A Locker Room of Her OwnCelebrity, Sexuality, and Female Athletes

A Locker Room of Her OwnCelebrity, Sexuality, and Female Athletes

David C. Ogden and Joel Nathan Rosen

Print publication date: 2014

ISBN: 9781617038136

Publisher: University Press of Mississippi

Abstract

Female athletes are too often perceived as interlopers in the historically male-dominated world of sports. Obstacles specific to women are of particular focus in this book. Race, sexual orientation, and the similar qualities ancillary to gender require special exploration of the way they impact an athlete’s story. Central to the book is the contention that women in their role as inherent outsiders are placed in a unique position even more complicated than the usual experiences of inequality and discord associated with race and sports. The contributors explore and critique the notion that in order to be considered among the pantheon of athletic heroes one cannot deviate from the traditional demographic profile, that of the white male. These essays look specifically and critically at the nature of gender and sexuality within the contested nexus of race, reputation, and sport. The collection explores the reputations of iconic and pioneering sports figures and the cultural and social forces that helped to forge their unique and often problematic legacies. Women athletes discussed in this volume include Babe Didrikson Zaharias, the women of the AAGPBL, Billie Jean King, Venus and Serena Williams, Marion Jones, Chris Evert and Martina Navratilova, Sheryl Swoopes, Florence Griffith Joyner, Roberta Gibb and Kathrine Switzer, and Danica Patrick.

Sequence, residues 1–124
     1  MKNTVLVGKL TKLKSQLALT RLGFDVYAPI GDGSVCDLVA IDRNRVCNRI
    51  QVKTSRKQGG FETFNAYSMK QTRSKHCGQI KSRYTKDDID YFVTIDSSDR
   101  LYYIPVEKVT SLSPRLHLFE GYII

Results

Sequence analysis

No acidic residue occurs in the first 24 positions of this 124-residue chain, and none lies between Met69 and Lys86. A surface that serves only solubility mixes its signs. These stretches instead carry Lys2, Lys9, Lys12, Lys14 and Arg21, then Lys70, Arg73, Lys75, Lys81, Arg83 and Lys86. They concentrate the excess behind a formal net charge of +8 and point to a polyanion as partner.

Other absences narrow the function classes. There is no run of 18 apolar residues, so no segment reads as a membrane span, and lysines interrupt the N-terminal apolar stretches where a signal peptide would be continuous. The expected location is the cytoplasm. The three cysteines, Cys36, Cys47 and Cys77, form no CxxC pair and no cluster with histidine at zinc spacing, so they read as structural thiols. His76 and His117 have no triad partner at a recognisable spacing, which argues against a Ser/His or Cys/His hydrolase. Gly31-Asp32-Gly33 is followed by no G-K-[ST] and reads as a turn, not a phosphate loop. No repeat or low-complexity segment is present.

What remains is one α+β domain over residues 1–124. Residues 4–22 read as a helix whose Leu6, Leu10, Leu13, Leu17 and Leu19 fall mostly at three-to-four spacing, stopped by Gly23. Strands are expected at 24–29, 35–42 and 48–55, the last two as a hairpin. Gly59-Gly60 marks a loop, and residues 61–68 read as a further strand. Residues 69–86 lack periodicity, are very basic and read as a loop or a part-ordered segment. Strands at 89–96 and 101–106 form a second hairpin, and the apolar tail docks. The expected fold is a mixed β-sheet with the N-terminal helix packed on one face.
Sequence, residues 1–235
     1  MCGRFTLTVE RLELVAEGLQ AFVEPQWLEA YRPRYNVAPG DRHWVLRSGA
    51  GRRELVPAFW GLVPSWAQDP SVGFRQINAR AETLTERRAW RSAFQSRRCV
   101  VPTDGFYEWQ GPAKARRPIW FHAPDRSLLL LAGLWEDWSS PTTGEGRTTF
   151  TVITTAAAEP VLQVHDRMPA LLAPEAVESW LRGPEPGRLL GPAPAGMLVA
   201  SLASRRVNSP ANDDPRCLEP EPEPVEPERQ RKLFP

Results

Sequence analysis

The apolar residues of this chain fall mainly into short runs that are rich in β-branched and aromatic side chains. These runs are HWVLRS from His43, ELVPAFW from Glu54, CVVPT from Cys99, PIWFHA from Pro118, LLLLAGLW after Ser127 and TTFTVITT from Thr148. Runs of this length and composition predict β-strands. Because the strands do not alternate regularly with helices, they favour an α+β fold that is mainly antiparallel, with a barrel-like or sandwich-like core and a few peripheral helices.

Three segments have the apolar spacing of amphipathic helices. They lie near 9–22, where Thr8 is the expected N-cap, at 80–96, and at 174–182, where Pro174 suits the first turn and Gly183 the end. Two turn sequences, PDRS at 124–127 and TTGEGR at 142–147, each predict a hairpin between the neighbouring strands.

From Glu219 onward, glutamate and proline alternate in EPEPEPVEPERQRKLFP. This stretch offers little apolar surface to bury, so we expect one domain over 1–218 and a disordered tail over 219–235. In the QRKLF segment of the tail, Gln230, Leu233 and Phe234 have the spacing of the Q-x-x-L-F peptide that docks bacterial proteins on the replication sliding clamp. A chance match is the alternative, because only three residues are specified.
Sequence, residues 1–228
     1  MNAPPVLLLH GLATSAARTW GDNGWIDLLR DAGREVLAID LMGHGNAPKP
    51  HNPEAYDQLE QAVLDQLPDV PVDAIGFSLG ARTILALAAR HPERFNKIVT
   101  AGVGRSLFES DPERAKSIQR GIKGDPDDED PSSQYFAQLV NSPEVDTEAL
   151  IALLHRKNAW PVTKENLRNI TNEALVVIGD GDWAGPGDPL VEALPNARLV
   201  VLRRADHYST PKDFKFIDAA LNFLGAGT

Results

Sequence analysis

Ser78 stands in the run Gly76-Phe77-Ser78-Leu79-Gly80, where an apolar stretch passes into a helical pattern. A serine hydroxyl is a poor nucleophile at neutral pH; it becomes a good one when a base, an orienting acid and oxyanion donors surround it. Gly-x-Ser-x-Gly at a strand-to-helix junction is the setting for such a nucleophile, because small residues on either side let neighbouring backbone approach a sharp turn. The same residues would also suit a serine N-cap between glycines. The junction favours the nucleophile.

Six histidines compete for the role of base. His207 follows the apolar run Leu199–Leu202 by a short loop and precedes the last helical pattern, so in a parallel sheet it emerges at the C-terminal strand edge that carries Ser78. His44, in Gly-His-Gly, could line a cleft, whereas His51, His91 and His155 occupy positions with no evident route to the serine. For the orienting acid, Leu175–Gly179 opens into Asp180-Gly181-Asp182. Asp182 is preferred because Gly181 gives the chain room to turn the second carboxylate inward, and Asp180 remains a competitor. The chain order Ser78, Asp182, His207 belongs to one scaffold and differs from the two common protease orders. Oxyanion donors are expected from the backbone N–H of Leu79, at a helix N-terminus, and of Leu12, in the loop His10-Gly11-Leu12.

Table of Contents

The Woman Who Should Be King

Elizabeth O’Connell

Venus and Serena Williams

Earl Smith, and Angela J Hattery

Marion Jones

Roberta J. Newman, and Joel Nathan Rosen

Paired Heroines

Kathleen A. Bishop

“Raindrops on a Window”

Lisa Doris Alexander

Florence Griffith Joyner

Yvonne D. Sims

Racing into the Storm

Oren Renick, and Lea Robin Velez

Go Mama! Branded By Beauty

Lisa R. Neilson

Afterword

Jack Lule

End Matter